Davis' series, based on 16 months of research (give or take), doesn't stop at radioactivity. Her stories show that, even ignoring things radiological, the shipyard, which the city hopes to remake as a mixed-use community, is rife with a stew of cancer-causing chemicals. It is probably one of the most polluted pieces of property on the planet, and it directly adjoins a San Francisco neighborhood.
But the neighborhood is not Pacific Heights or Sea Cliff, it is the Bayview. And in the pages of the San Francisco Chronicle, “Fallout” might as well never have been written, and unless they connect somehow to gang shootings, the drab denizens of the Bayview just don't equate with the celeboisie of Pacific Heights.
In the list of altpress stories that I despise, those complaining about the failure of the mainstream press to attend to the really important stories rank high. (Lord, aren't we all sick of hearing the Bay Guardian's Bruce Brugmann bleat on about the vastly conspiratorial evil that is done by Pacific Gas & Electric Co. and ignored by the other press, even while his own “newspaper” covers PG&E badly, and most of the real news about the firm is broken in other outlets?)
So let it be known far and wide: I don't care if the San Francisco Chronicle ever follows on the nuclear contamination issues raised in “Fallout” in any way, shape, or form. In fact, I prefer that the paper continue to ignore the story, so Ms. Davis can explore it without significant competition.
But the leaders of the Chronicle have made it clear that they want the paper to be acknowledged as great, or if not great, at least as being better than the joke it was when it focused much of its energy on the quality of coffee and alligator hunts in Golden Gate Park. In the time since the Hearst Corp. bought the Chronicle and merged the old Examiner staff into it, there have been some improvements in the combined paper. Every now and again, something resembling in-depth journalism comes out of the enterprise desk. David Lazarus continues to beat the pants off most everybody in regard to Bay Area (and even California) business. By my lights, John King writes the best urban design pieces in America.
But I've listened for years now as residents of the Bayview, including political leaders, have bemoaned the sorry, slim, condescending coverage the Chronicle has tossed at their community. (A recent Chronicle attempt to treat the Bayview as a real place inhabited by actual people was subverted, in a darkly comic way, by treacly, cloying execution — and by what one might call an extraordinary combination of personnel problem and bad timing. On July 21, the Chronicle Sunday magazine published a story headlined “View From the Inside: In Defense of Bayview-Hunters Point,” written by Craig Marine. The story itself is unintentionally hilarious and embarrassing, quoting and paraphrasing Bayview residents to the effect that their neighborhood is not a filthy, frightening, drug-dealing, gangbanging hellhole — and organizing the quotes, paraphrases, and surrounding prose so they convey the wide-eyed, breathless, oh-my-Lord tone occasionally used in accounts of journalistic ventures into deepest, darkest, scariest Africa. Then there is that other little thing: The story was published 12 days after Marine was arrested, as the Chronicle itself put the matter, on “child-rape and drug charges for conduct that allegedly involved a teenage girl.” Conduct that involved an allegation that Marine had [again, in the Chronicle's own verbiage] “assaulted her with a knife, burned her breast and thigh with cigarettes, and cut her back.” One can only presume the story was written, and the Sunday magazine printed, before the arrest. And although it's an academic question at this point, one can probably be excused for wondering if the Sunday magazine would have been distributed had the alleged child-rapist been quoting the finest citizens of Pacific Heights about their neighborhood's allure.)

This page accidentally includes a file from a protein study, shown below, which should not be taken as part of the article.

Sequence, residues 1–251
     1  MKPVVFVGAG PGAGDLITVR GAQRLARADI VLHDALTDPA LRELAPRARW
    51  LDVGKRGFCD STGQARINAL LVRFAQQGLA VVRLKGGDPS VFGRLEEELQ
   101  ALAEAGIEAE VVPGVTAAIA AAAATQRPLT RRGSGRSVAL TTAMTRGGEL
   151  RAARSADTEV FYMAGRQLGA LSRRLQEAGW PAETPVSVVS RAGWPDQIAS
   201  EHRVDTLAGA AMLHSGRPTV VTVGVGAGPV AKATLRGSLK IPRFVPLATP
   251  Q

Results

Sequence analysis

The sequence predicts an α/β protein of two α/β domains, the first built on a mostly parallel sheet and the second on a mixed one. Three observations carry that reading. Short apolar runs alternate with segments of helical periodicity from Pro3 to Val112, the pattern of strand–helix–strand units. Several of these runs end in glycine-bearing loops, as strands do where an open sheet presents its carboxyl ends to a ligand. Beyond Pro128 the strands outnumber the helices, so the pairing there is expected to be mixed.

The Bayview-Hunters Point neighborhood of San Francisco has been systematically poisoned, and shortchanged of governmental services, and generally screwed over, for decades, and the major daily newspaper in the city is partly at fault, because it has assaulted the area with what might be charitably described as unintentional contempt. I don't really know what internal dynamic leads the city's largest paper to so drastically distort city news. I do know that covering flea farts near Sea Cliff as 7.2 earthquakes, and treating the Bayview as a land full of incomprehensible wogs who don't know enough to get in out of the cyclone, is no formula for journalistic excellence.